Easy Yoke: The Story of EDGE

And they spake in parables, saying: “A United Church of Canada congregation sayeth, ‘We are dying.’ They cried, ‘We have but 50 bums, only 50 bums in the seats on any given Sunday.’ And verily they were asked: ‘What else have ye?’ And they replied, ‘We have a weekly meditation group. It has a multitude, I say unto you, it hosts 300 participants.’ But still they wept bitterly, gnashing their teeth, and tearing their clothes in lament. ‘Woe is us. We are dying.’”

EDGE asks: Are we dying, really?

Consider this, EDGE, the little-known innovation arm of the United Church of Canada (UCC) has quietly launched 589 projects grounded in spirituality, over 500 social enterprises, and 55 new ministries. EDGE started as a three-year experiment, but is now in its 12th year of reimagining church through grassroots initiatives. Have you heard of Lumsden Beach Camp’s new apiary selling honey near Regina? EDGE was there. The launch of 1JustCity’s Indigenous Cultural Program in Winnipeg? EDGE was there. Faith & the Common Good’s interactive map tracking green energy in sacred spaces? EDGE again.

This sounds like a living, breathing church to me. But as Executive Director Rob Dalgleish says, “We just can’t see it because we are caught in grief about something that’s been lost.” We are grieving the packed pews and teeming children’s programs of the 50s and 60s. With fewer members in the church, finances are a struggle, including maintaining properties, many of which are closing. EDGE was established by the national office to help the church adapt to this new social context. And they’ve done it. EDGE can show they have found sustainable models for living out church. The problem is that those invested in the UCC structure have a hard time recognizing what is emerging. Dalgleish says when people see EDGE’s incredible results, “They don’t believe it. They don’t trust it… they say, well, that’s not church.” Culture change has become one of EDGE’s biggest roles; shifting perceptions of what “counts” as church.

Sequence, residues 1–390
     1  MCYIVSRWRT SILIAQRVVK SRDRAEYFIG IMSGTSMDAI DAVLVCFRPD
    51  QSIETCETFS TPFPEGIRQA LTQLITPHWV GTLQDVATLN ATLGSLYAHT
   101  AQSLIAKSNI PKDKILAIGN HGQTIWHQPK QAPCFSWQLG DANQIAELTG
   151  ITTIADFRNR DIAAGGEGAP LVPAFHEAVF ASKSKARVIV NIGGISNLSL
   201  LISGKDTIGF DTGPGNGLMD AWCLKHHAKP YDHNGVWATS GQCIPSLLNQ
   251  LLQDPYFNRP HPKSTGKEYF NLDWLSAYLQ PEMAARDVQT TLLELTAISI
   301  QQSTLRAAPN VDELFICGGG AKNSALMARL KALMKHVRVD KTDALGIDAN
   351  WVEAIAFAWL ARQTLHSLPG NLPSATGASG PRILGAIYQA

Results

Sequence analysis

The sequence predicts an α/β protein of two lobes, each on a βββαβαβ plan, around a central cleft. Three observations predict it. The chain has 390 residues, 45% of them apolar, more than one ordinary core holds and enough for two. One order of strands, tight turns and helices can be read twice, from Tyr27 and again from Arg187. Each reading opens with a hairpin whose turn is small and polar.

EDGE logo

When Carla Leon began her contract work with EDGE, she wanted to get a lay of the land and to find out what churches needed. So, she called and asked. That is to say, she called 800 people. This worked so well, that EDGE’s Lori Houle called “the rest of them,” says Leon. That’s around 2200 communities of faith on Houle’s speed dial, and now “outreach and feedback” is her full-time gig.

When Leon called those 800 congregations, her first discovery was that a third of the churches needed to make property decisions. With all the energy around this, she and the EDGE team sensed a call from the spirit. But it was “really intimidating.” They had “zero real estate experience.” She says, “I heard it, and I tried not to listen; heard it again, tried not to listen.” The call continued, relentlessly. Finally, Leon broke, realising, “Oh [expletive], we have to.” It took “six years of internal politics,” but EDGE partnered with the Canada Mortgage and Housing Corporation, specialists in affordable housing, and started the United Property Resource Commission (UPRC). They are shifting the church mindset away from buildings-as-burdens—empty spaces to light, to heat, and to maintain. Any real estate agent would see these places as the huge assets that they are. For UPRC, it is about advancing social justice through housing. This is the work of the spirit. Leon says, “I would brag that I’ve never launched anything that came from me. It all came from the phone and it all came from the conversations and relationships.” God’s up to something. Do not be afraid.